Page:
I have translated an article found online regarding a Museum of the 20th Century which is scheduled to open in 2009 in Milan.
In 1895 it was the Lombard Scapigliati Group who was upset because Milan did not have a Museum of Contemporary Art. In 1933 it was Depero, Marinetti, and Prampolini who were calling for the birth of an art gallery dedicated to Boccioni and a gallery for futurist and avant-garde European art. Since then, despite the requests and promises, not much has changed. Now, however, it seems that something is happening and that, the Commune and its inhabitants, having overcome their differences regarding expropriation in the interest of the public, Milan will finally have the longed-for Museum of the 20th Century. The workers ought to begin in November and finish, if everything goes according to plan, by February 11, 2009, 100 years after the publication of the Manifesto of Futurism, which however happened in Paris in 1909.Such talk is because this anniversary is important for the principal Lombard town, proud of its splendid collection of futurist art, which will find its proper place in the new museum and because, in the coming months, Palazzo Reale will host exhibitions dedicated to Boccioni (October 2006), to Balla (October 2007), and to Futurism in general (October 2008).
Italo Rota, winner of an international competition held in 2000, will design the museum space of 4,000 square meters making use of the Arengario and the second floor of the Palazzo Reale, which is located in the most central part of the city: Piazza Duomo. In order to welcome visitors at the entrance, there will be five statues by Arturo Martini, but the start of the exhibition will begin with the very famous Quarto Stato (1901) by Pellizza da Volpedo, once housed in the Villa Reale.
The Collection of the CIMAC (Civico Museo d’arte Contemporanea) boasts a patrimony of circa 3,000 works. Not able to show them all, 400 have been chosen and will be displayed in chronological order based on four fundamental themes: the Jucker Collection, Boccioni and Futurism, The 20s and 30s, and The 50s and 60s. There will also be areas dedicated to groups or single artists and areas which will highlight the most important themes. The strong points will be Futurism, Metaphysical Art, the important Milanese artists of the 1900s (Carra, Sironi, Martini), Morandi, Melotti, Fontana, and Spatialism, the Novcento artists and the Arte Povera group. European Art will be represented by works from the Jucker Collection, which holds works by Braque, Kandinsky, Klee, Laurens, Leger, Matisse, Mondrian, and Picasso. These works will be alongside the sculpture of Garnallo and Gonzalez which are municipal property. The second floor of the Palazzo Reale will host the inseparable donated collections of Marini and Vismara, the futurist works from the 20s and 30s, the Futurist Archives and a room dedicated to Filippo Tommaso Marinetti, the theoretician and promoter of the group. The Museum of the 20th Century will cost about 25 million Euros and will be equipped with three restaurants, a room for temporary exhibitions, a specialized bookshop, a center for research and various information access points and which will remain open until late at night in order to allow everyone to see and appreciate the collection. In the future, as the former Consular of Culture, Stefano Zecchi, suggested, to connect the twin buildings of the Arengario with an underground tunnel where it will be possible to find works dated after 1970, which ought to be shown in “unnamable” Museum of the Present in Bovisa. It may also display the collection of the autograph letters of Marinetti which an antique dealer is selling for 5,000 Euros and which the Head of Municipal Culture, Vittorio Sgarbi, is inclined to buy.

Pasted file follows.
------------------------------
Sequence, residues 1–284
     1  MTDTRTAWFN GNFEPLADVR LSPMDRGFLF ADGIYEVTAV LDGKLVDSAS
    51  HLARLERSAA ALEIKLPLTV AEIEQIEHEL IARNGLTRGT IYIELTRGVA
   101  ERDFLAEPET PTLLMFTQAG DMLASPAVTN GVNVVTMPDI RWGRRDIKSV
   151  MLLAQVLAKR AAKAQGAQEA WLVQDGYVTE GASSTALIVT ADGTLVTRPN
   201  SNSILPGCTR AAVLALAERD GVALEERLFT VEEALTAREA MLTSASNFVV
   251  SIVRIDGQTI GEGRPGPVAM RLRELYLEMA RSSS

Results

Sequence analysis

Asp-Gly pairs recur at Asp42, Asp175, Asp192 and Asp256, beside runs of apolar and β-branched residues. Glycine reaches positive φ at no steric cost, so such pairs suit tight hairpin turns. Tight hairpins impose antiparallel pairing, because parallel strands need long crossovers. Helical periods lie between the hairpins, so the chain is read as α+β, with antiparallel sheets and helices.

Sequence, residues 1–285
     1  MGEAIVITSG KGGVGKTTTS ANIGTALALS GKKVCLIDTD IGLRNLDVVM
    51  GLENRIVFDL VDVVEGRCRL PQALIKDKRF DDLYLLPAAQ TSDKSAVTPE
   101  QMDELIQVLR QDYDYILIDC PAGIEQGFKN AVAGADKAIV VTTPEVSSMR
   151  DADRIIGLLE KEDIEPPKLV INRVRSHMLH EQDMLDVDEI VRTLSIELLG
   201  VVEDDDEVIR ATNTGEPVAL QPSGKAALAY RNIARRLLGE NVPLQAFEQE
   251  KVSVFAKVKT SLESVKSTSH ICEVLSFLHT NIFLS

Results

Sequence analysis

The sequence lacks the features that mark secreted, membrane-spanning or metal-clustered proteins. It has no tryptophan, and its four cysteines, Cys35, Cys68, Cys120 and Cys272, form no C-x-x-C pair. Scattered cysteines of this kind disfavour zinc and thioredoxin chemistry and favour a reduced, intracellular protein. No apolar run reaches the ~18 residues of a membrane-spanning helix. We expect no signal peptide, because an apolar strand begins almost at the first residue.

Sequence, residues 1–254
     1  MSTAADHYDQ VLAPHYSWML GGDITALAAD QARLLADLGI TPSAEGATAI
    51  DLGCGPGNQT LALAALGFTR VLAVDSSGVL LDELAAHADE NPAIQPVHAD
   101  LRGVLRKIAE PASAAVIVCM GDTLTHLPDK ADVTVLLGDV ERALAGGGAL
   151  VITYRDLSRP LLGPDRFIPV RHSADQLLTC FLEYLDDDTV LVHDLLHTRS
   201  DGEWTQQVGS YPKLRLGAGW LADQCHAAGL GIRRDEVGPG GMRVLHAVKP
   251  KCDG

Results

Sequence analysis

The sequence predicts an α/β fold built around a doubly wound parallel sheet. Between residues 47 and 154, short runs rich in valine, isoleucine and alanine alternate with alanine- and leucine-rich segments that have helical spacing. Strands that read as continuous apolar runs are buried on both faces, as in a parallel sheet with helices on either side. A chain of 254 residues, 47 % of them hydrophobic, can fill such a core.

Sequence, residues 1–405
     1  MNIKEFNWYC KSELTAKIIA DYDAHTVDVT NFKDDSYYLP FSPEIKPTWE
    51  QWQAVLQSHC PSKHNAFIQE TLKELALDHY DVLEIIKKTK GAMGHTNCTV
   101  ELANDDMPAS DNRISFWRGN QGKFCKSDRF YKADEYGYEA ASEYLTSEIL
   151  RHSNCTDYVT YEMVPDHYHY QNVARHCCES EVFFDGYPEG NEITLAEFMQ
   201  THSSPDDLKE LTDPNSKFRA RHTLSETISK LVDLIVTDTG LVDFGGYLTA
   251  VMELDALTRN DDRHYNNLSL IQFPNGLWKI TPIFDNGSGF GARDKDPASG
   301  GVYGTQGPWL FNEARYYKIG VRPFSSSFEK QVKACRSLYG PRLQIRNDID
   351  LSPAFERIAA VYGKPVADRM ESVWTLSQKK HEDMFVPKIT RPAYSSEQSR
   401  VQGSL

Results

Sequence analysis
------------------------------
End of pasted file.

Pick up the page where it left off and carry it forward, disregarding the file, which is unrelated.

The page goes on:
For more info download an article from La Repubblica.